single cell sequencing
Posted on by Dr. Francis Collins
More than 30 years ago, I co-led the Michigan-Toronto team that discovered that cystic fibrosis (CF) is caused by an inherited misspelling in the cystic fibrosis transmembrane conductance regulator (CFTR) gene . The CFTR protein’s normal function on the surface of epithelial cells is to serve as a gated channel for chloride ions to pass in and out of the cell. But this function is lost in individuals for whom both copies of CFTR are misspelled. As a consequence, water and salt get out of balance, leading to the production of the thick mucus that leaves people with CF prone to life-threatening lung infections.
It took three decades, but that CFTR gene discovery has now led to the development of a precise triple drug therapy that activates the dysfunctional CFTR protein and provides major benefit to most children and adults with CF. But about 10 percent of individuals with CF have mutations that result in the production of virtually no CFTR protein, which means there is nothing for current triple therapy to correct or activate.
That’s why more basic research is needed to tease out other factors that contribute to CF and, if treatable, could help even more people control the condition and live longer lives with less chronic illness. A recent NIH-supported study, published in the journal Nature Medicine , offers an interesting basic clue, and it’s visible in the image above.
The healthy lung tissue (left) shows a well-defined and orderly layer of ciliated cells (green), which use hair-like extensions to clear away mucus and debris. Running closely alongside it is a layer of basal cells (outlined in red), which includes stem cells that are essential for repairing and regenerating upper airway tissue. (DNA indicating the position of cell is stained in blue).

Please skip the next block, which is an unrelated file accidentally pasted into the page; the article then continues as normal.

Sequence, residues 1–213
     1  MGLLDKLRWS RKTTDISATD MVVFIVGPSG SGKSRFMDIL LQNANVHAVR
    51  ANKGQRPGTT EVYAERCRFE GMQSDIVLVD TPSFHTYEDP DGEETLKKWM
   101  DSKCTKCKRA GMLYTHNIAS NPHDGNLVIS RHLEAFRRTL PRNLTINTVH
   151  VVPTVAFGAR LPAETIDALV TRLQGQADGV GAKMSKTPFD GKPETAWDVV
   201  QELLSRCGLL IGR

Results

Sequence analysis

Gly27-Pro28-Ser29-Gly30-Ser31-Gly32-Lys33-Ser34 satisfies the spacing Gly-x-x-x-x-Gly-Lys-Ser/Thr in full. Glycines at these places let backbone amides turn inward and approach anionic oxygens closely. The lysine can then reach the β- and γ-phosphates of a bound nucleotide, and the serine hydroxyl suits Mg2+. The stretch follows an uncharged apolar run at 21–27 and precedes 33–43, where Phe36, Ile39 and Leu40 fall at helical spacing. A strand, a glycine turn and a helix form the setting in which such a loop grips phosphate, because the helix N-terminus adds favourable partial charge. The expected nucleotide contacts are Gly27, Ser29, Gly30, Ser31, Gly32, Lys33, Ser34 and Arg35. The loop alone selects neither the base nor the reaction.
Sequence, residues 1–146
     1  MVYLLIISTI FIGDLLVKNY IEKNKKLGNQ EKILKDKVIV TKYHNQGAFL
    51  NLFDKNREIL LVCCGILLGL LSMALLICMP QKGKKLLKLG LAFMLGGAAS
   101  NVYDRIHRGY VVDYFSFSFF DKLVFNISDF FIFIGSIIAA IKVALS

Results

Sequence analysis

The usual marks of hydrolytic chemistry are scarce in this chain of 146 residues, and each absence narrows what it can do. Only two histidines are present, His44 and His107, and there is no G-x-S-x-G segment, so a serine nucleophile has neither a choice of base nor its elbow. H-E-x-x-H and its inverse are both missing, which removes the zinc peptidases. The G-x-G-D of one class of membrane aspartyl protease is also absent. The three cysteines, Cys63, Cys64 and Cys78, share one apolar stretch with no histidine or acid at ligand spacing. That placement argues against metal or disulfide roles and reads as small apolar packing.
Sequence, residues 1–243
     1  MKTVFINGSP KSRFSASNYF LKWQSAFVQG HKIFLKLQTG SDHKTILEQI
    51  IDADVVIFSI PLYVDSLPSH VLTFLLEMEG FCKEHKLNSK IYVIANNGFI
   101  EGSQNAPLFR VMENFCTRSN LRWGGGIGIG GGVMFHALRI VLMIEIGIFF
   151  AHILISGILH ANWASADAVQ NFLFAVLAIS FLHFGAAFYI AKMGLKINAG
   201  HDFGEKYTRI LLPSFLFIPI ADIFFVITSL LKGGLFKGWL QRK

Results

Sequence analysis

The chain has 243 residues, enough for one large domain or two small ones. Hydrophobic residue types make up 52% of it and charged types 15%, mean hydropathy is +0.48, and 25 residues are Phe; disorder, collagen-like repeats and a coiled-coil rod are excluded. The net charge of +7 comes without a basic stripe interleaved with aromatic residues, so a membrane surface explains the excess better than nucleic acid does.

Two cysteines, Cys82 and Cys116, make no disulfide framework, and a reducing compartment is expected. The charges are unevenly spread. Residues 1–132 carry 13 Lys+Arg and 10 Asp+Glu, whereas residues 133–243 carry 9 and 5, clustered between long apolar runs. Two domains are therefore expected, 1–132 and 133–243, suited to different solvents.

In the CF-affected airways (right), those same cell types are present. However, compared to the healthy lung tissue, they appear to be in a state of disarray. Upon closer inspection, there’s something else that’s unusual if you look carefully: large numbers of a third, transitional cell subtype (outlined in red with green in the nucleus) that combines properties of both basal stem cells and ciliated cells, which is suggestive of cells in transition. The image below more clearly shows these cells (yellow arrows).
The increased number of cells with transitional characteristics suggests an unsuccessful attempt by the lungs to produce more cells capable of clearing the mucus buildup that occurs in airways of people with CF. The data offer an important foundation and reference for continued study.
These findings come from a team led by Kathrin Plath and Brigitte Gomperts, University of California, Los Angeles; John Mahoney, Cystic Fibrosis Foundation, Lexington, MA; and Barry Stripp, Cedars-Sinai, Los Angeles. Together with their lab members, they’re part of a larger research team assembled through the Cystic Fibrosis Foundation’s Epithelial Stem Cell Consortium, which seeks to learn how the disease changes the lung’s cellular makeup and use that new knowledge to make treatment advances.
In this study, researchers analyzed the lungs of 19 people with CF and another 19 individuals with no evidence of lung disease. Those with CF had donated their lungs for research in the process of receiving a lung transplant. Those with healthy lungs were organ donors who died of other causes.
The researchers analyzed, one by one, many thousands of cells from the airway and classified them into subtypes based on their distinctive RNA patterns. Those patterns indicate which genes are switched on or off in each cell, as well as the degree to which they are activated. Using a sophisticated computer-based approach to sift through and compare data, the team created a comprehensive catalog of cell types and subtypes present in healthy airways and in those affected by CF.